Let $x, y, z \geqslant 0$ and let $p, q, r > 1$ be such that $$ \frac{1}{p} + \frac{1}{q} + \frac{1}{r} = 1. $$ How can one show that under these hypotheses we have $$ xyz \leqslant \frac{x^p}{p} + \frac{y^q}{q} + \frac{z^r}{r} $$ with equality if and only if $x^p = y^q = z^r$, using twice the standard two-parameters Young's inequality which says that for all $x, y \geq 0$ and for all $p, q > 1$ for which $\frac{1}{p} + \frac{1}{q} = 1$ we have $$ xy \leqslant \frac{x^p}{p} + \frac{y^q}{q} $$ with equality if and only if $x^p = y^q$ ?

I've tried to apply it twice directly, to multiply two inequalities and to add two inequalities, but in each case it gets quite messy and I can't get the desired result, even though I'm sure it should be quite simple.


Here's a solution by applying Young's inequality twice.

First apply the inequality to $x$ and $yz$ with $p$ and $\frac{p}{p-1}$ to get $$xyz \le \frac{x^p}{p} + \frac{(yz)^{\frac{p}{p-1}}}{\frac{p}{p-1}}.$$ Then apply it to $y^{\frac{p}{p-1}}$ and $z^{\frac{p}{p-1}}$ with $\frac{p-1}{p} q$ and $\frac{\frac{p-1}{p}q}{\frac{p-1}{p}q - 1} = \frac{(p-1)q}{pq-p-q}$ to get $$xyz \le \frac{x^p}{p} + \frac{p-1}{p} \left(\frac{y^q}{\frac{p-1}{p}q} + \frac{z^{\frac{pq}{pq-p-q}}}{\frac{(p-1)q}{pq-p-q}}\right)$$ Notice that $\frac{pq}{pq-p-q} = r$, so you get $$xyz \le \frac{x^p}{p} + \frac{y^q}{q} + \frac{z^r}{r}$$ as wanted.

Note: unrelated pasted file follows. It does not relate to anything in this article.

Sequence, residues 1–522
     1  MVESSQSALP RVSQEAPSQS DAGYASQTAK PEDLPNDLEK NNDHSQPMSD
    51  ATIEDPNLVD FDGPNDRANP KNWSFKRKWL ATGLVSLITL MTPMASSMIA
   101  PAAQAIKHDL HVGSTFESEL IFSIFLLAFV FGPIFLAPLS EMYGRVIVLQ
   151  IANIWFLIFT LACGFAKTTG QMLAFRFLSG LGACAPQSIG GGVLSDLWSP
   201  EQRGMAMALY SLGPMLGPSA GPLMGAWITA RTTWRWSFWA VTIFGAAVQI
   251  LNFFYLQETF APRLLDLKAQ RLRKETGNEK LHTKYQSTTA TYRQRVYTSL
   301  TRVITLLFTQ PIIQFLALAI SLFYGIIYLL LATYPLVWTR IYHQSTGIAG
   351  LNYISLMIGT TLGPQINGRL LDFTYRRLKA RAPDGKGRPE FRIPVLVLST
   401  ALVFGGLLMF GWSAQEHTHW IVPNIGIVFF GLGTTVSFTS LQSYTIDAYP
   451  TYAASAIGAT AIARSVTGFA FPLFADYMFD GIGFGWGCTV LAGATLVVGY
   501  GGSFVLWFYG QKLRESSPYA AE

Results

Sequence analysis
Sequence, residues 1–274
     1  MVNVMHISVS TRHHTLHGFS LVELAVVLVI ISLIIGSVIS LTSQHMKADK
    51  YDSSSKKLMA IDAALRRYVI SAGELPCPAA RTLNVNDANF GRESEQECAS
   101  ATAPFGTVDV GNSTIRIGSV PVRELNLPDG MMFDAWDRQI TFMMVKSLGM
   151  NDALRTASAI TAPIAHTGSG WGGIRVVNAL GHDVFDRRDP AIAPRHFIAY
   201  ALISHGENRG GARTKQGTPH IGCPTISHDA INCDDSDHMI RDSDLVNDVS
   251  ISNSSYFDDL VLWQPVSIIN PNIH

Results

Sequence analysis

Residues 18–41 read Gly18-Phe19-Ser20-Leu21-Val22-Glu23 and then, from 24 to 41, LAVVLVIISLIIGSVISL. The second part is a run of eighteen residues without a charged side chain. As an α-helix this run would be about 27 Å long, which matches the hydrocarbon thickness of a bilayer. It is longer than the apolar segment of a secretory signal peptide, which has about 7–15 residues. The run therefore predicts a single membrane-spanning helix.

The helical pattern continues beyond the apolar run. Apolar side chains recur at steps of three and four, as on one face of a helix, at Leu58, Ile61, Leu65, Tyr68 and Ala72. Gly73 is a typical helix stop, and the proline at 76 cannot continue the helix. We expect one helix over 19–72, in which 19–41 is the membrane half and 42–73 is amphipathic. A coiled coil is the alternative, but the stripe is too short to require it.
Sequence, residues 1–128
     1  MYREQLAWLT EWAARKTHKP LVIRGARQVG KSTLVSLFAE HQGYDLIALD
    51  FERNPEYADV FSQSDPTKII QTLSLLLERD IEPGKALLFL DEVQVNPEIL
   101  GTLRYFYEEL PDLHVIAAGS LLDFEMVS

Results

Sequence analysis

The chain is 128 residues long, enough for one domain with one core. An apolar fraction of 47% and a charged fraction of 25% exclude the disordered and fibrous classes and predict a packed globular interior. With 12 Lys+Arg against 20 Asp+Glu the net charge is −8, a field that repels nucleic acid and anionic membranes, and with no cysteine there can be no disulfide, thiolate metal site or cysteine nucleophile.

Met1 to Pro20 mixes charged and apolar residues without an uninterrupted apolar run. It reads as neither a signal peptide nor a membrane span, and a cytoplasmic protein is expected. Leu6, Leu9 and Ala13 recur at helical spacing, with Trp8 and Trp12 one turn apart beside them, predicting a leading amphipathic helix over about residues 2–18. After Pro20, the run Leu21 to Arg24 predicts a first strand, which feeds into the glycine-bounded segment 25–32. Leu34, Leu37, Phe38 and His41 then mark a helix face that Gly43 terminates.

• $\begingroup$ Very nice, thank you ! I did not realize I could just apply it to $y^{\frac{p}{p-1}}$ and $z^{\frac{p}{p-1}}$... $\endgroup$ – Amateur May 30 '13 at 17:27

The function $\ln$ is concave, so if $\sum_n \lambda_n =1$, with $\lambda_n \ge 0$, then $\ln ( \sum_n \lambda_n x_n ) \ge \sum_n \lambda_n \ln x_n$ (with $x_n >0$, of course).

Hence $\ln ( \frac{x^p}{p} + \frac{y^q}{q} + \frac{z^r}{r} ) \ge \frac{1}{p} \ln x^p + \frac{1}{q} \ln y^q + \frac{1}{r} \ln x^r = \ln (x y z)$.

Taking exponents yields the desired result.

Since $\ln$ is strictly concave, we have equality iff $x_i = x_j$ in the first inequality, which corresponds to $x^p = y^q = z^r$.

  • $\begingroup$ Thanks for the answer. I think you meant $\ln$ is strictly concave (not strictly convex). However, I would like to apply the two-parameters Young's inequality twice instead of using Jensen's inequality. $\endgroup$ – Amateur May 30 '13 at 16:50
  • $\begingroup$ @Frank: Thanks for catching the typo. $\endgroup$ – copper.hat May 30 '13 at 16:54

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